We can barely touch the surface of the science of Biophilia and the disciplines it encompasses, but to give you a glimpse, we present the first of four examples of how different peoples and countries are putting their biofeelings to work around the world. Each of these initiatives represents a way to reach thousands of other people with the message that biophilic elements have real value in the built environment. The more we each understand this, the more likely we are to protect the natural spaces we have left.
Terrapin Bright Green is an environmental consultancy with offices in New York and Washington, D.C. They are an extreme environmental consultancy, you might say. Its founders and partners are intellectual heavyweights who are leaders in the green building and real estate movement,
award-winning architects, biomimicry and sustainable design advocates, and forensic historic preservationists.
More than anything else, however, Terrapin Bright Green are thinker-strategists; a brave new breed of eco-infrastructure experts with scientists and policy makers on speed dial. This company has set new precedents for ‘think-do’ tanks for projects of global scale and strategic impact. Members have advised, among other entities, the White House; the new World Trade Center; Grand Canyon National Park; Algae Biofuels; Xihu Tiandi (Shangahi); Caicique (Costa Rica); and the Serengeti National Park (Africa).
Bill Browning, the founder of Terrapin Bright Green, cut his teeth on out of the green box thinking. Early in his career he helped build Buckminster Fuller’s last experimental structure. Browning is also a member (along with Biomimicry 3.8’s Janine Benyus) of the original Interface eco Dream Team.
“We are a small
consulting firm pretty heavily involved in both Biophilia and Biomimicry,” says Browning. “These are two pieces that filter our world view in a really intriguing way. Both are core to our work as a practice.”
One of the projects Terrapin Bright Green is undertaking has the group collaborating with Janine Benyus and The Biomimicry Guild to provide technical assistance to the businesses in New York. The New York State Energy Research and Development Authority will fund workshops open to any business wishing to consider possible biomimetic solutions to their challenges.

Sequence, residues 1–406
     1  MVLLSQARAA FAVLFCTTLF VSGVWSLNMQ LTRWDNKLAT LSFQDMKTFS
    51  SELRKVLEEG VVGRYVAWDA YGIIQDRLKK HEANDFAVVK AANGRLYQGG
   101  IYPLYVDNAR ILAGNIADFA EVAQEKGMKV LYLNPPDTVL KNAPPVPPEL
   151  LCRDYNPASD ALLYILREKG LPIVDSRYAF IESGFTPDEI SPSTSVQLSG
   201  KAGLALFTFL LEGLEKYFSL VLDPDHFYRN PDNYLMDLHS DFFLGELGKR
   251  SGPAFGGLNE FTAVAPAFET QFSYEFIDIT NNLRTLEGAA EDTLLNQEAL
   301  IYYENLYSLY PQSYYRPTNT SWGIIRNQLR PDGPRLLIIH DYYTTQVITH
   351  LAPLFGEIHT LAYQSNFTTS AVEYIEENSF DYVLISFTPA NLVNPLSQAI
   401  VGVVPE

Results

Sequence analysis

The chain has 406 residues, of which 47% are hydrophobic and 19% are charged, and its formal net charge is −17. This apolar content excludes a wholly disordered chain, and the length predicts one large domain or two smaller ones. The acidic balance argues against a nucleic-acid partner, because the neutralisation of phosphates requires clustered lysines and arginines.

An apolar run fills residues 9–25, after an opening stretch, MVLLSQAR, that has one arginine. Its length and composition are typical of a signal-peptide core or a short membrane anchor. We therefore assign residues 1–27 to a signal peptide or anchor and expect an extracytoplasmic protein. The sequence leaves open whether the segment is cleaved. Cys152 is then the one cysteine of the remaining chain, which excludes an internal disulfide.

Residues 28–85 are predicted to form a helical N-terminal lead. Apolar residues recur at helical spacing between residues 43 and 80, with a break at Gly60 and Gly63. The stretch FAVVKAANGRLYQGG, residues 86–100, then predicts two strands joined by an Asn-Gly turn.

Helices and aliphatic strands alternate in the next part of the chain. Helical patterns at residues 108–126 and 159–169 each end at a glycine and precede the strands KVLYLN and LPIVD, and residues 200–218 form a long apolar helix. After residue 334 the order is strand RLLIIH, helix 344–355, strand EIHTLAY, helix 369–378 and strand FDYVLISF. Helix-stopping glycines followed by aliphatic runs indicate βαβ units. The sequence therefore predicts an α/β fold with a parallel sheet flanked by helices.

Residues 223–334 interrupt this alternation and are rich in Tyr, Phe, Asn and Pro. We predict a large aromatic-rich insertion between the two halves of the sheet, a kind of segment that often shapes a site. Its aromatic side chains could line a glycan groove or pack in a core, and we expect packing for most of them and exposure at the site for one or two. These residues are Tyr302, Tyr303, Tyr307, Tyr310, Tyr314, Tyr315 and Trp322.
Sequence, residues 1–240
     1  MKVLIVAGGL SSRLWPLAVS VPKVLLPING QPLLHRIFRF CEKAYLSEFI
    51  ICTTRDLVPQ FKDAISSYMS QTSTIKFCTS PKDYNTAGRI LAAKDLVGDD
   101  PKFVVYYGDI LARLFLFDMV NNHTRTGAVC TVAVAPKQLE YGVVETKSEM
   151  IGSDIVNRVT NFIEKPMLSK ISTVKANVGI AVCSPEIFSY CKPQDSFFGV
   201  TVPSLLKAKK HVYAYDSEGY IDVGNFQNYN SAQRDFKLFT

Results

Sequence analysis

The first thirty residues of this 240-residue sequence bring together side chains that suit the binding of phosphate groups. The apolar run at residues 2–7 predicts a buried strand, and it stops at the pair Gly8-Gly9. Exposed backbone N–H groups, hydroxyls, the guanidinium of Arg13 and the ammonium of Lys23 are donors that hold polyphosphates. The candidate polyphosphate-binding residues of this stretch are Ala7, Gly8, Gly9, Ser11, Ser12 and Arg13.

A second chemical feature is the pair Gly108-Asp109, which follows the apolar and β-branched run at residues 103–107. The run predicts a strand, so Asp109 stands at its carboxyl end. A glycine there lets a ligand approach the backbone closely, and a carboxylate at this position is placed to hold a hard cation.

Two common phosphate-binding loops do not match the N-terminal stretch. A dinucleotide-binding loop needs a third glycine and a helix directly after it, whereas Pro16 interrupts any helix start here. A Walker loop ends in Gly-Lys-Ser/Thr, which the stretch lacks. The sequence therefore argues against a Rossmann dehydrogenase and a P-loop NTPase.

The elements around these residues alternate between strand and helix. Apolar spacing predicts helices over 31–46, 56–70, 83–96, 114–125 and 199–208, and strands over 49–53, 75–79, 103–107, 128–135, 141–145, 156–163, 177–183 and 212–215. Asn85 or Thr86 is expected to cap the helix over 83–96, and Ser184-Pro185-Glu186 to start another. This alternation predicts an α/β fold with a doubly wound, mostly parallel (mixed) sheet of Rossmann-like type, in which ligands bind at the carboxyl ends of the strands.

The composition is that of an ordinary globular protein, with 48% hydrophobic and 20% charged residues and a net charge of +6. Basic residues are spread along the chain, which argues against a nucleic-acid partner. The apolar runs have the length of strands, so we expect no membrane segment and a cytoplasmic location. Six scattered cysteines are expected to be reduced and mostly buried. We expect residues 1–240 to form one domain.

“The idea of Biophilia has come into the mainstream population only fairly recently,” says Browning. “Although intuitively, people have been doing it forever.”
To put that in simple terms, we pay more for apartments in park like settings. We buy more (and pay more) in retail environments with plants, trees, and skylights.
Terrapin Bright Green has just published a comprehensive white paper on the subject titled, The Economics of Biophilia: Why Designing with Nature Makes Good Financial Sense. One morsel: The healthcare industry could save $93 million dollars each year if patients had views to nature.
The study examines the positive business impact—usually financial—of making room for nature in sectors from the workplace to the classroom to the courtroom. Scientific calculations and thorough references are included for those not easily convinced that the Japanese practice of Shinrin-yoku might lower blood glucose levels.
Browning says one issue that concerns him now is America’s election year politicizing of the environment. “The whole green issue is being defined as a republican/democrat issue. You don’t see that so much in other countries.”
It has been impossible not to speak to Interface Dream Team members about the legacy of Ray Anderson. Bill Browning put it thusly: “Now, there can and will be other Ray Andersons. But he was the first one. You know, it was fitting that the first major industrial company to step up to the plate was a carpet company. Because the first major industrial revolution started with fabric as well.”